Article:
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When it comes to charity, here at Burton & Fisher we understand that as a local business we have a responsibility to contribute to the surrounding community each year.
Whether through rigorous fundraising efforts or welcomed donations, this is something that we wholeheartedly embrace – it can even become quite competitive in the office as we attempt to beat the total raised from the previous year! Continue reading
Moving pension goalposts was one of the latest proposed government strategies, which will affect the retirement plans of millions of people across the UK. Although announced during Chancellor Philip Hammond’s Autumn Statement last year, it wasn’t immediately apparent.
Amidst pressure to scrap this governmental plan, the rule was given the go-ahead and will have effect on and after April 6th 2017. This will change how you think about your finances, both short and long term.
A few weeks ago, the Chancellor of the Exchequer, Philip Hammond, delivered the Spring Budget, which set out the Government’s plan regarding spending throughout the year. One thing you may not know is that it will be the last Spring Budget, as it will be moved to autumn.
But how will the budget affect you? We’ve listed a couple of decisions that could affect things such as pensions and investments in the future.
Having enough saved in a pension fund to cover your retirement years is essential, and it’s something that we are constantly being told to do, especially with the introduction of auto-enrolment in a workplace pension.
However, according to a report by the Office for National Statistics (ONS), we may need to start saving for our pensions earlier to ensure that we are saving enough to live on – which is around £21,770 on average a year for a retired household according to the results of the report.
Can you believe that it is nearly Christmas already? The pinnacle of the festive season is only just around the corner and we couldn’t be more excited here at Burton & Fisher. The year has flown by, and the number of things that have happened this year is a true testament to what we can achieve.
Christmas is just a week away, meaning that the new year isn’t far behind. With many people seeing this transition as a chance for a new start, finance is something that people start thinking about overhauling as a resolution for the coming year.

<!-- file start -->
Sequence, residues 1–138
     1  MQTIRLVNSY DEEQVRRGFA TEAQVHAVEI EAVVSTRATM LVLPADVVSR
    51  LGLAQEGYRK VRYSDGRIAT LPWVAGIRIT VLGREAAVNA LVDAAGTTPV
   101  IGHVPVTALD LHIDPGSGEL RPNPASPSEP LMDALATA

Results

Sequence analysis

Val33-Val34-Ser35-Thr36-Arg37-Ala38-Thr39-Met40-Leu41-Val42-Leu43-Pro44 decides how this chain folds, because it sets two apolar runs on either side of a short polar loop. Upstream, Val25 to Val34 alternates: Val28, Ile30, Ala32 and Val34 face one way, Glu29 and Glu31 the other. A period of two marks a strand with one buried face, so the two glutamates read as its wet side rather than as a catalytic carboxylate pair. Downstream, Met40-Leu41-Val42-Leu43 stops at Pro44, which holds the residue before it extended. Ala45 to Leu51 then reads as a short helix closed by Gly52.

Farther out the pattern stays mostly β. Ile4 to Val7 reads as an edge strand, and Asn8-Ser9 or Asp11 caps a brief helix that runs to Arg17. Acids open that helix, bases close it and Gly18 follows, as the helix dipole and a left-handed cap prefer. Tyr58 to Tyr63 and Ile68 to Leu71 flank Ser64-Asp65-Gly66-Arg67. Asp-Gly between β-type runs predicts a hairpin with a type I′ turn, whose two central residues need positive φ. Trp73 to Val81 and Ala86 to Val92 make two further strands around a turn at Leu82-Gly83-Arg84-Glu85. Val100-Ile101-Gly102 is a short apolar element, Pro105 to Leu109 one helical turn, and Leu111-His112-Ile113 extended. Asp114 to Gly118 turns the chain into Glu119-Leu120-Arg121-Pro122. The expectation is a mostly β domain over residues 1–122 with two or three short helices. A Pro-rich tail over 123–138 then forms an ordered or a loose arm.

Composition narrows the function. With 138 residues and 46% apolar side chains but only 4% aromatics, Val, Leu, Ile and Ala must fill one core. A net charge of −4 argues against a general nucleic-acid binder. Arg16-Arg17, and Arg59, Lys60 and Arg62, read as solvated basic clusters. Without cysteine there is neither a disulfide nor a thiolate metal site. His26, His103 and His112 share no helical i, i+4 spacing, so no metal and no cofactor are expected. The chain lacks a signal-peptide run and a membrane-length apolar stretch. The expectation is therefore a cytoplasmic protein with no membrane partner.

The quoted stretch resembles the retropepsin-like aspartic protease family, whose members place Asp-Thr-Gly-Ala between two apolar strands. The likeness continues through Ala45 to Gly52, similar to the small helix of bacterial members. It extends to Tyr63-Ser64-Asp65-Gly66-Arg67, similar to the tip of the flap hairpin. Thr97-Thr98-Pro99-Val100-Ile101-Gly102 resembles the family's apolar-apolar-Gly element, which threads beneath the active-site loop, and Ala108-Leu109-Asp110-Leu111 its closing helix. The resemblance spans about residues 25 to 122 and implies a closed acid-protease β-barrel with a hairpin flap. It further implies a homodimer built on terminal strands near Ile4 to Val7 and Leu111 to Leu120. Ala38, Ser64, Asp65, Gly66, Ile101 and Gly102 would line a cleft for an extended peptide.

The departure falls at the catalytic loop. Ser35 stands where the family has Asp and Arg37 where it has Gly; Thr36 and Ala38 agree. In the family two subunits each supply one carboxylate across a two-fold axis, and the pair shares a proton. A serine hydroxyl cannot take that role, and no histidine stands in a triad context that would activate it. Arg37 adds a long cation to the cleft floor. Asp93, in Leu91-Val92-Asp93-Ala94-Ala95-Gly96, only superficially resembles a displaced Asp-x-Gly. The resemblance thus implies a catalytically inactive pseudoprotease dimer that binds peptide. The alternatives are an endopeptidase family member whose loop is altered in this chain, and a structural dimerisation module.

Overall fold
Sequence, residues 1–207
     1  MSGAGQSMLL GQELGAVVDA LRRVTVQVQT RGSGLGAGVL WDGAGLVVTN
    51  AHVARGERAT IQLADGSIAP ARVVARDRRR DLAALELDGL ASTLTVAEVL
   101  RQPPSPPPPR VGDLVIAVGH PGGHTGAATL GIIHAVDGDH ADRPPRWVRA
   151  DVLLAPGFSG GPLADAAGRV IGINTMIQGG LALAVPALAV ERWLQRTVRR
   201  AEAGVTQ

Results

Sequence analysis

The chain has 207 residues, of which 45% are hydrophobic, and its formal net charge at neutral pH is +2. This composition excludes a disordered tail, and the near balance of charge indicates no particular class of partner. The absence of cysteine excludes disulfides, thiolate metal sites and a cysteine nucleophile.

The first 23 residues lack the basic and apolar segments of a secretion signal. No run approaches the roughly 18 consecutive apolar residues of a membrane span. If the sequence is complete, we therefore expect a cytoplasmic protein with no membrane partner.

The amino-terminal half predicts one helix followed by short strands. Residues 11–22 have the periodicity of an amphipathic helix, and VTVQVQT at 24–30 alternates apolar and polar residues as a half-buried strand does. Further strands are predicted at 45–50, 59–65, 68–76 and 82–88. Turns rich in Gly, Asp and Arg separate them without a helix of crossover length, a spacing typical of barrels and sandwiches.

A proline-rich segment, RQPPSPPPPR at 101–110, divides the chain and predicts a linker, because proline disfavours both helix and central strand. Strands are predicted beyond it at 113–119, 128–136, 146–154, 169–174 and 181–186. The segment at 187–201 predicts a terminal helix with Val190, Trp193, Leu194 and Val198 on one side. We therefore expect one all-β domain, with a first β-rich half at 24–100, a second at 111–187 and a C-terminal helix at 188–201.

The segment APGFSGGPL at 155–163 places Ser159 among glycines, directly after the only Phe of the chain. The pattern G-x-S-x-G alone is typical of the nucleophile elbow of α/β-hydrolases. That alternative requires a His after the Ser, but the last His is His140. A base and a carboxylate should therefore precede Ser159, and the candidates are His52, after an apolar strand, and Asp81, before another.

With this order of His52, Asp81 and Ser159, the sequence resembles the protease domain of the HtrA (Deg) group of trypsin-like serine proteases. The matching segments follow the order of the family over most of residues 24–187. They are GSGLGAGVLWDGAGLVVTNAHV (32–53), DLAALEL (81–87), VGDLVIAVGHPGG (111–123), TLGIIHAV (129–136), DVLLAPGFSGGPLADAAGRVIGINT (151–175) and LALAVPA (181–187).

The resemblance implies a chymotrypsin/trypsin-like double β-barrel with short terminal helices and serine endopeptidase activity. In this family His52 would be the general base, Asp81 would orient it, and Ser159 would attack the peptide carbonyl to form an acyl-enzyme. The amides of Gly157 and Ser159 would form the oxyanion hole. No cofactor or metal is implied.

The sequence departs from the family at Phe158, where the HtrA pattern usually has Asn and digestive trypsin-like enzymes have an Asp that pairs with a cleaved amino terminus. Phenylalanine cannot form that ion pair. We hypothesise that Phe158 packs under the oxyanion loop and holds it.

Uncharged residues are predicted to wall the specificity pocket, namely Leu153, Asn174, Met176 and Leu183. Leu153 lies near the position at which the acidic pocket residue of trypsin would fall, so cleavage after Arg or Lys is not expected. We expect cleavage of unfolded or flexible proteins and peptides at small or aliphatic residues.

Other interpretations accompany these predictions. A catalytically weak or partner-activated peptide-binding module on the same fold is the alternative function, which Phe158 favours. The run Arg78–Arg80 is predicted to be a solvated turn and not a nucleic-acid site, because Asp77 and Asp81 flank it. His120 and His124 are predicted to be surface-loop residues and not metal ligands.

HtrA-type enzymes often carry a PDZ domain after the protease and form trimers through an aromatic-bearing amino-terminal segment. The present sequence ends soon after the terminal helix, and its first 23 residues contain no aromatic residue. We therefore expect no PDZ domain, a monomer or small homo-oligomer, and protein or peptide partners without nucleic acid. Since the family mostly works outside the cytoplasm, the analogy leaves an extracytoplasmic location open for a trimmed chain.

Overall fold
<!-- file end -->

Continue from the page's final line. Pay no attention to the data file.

Whether it’s to invest more into a pension pot, look at investments as a whole, or simply put some form of financial management in place, making a resolution to get on top of your financial situation is always a good idea; even if you have some idea of where you are financially, it never hurts to review what you have in place to see if there are any improvements that you could make.
This year’s Autumn Statement fell on Wednesday 23rd November, and it was Chancellor Philip Hammond’s first Autumn Statement. Some changes will positively impact lower income families and workers, ensuring more affordable homes and higher minimum wage. The Chancellor also touched upon Brexit, and how the economy has slowly been recovering.
When the auto-enrollment for pensions rolled out initially in 2012, it was to aid employees with their pension savings; employers were tasked with automatically enrolling their members of staff into a workplace pension scheme where both employer and employee were required to make contributions to a pension pot.
Thanks to recent research conducted by the Institute for Fiscal Studies (IFS), this auto-enrolment scheme has seen the amount of people paying into pension pots rise significantly, with 4.4 million savers being accredited to the introduction of this scheme.
Britain’s pensions have always been well-known for being some of the best in the world. We have long been well within the Melbourne Mercer’ Global Pension Index’s top ten countries who are recognised as having fair pension schemes that provide the best outlook for an aging population.
However, as the 2016 report released, the UK’s position slipped from 9th to 11th, meaning we are no longer within the top 10 countries out of 27 that the index ranks on a yearly basis for the first time.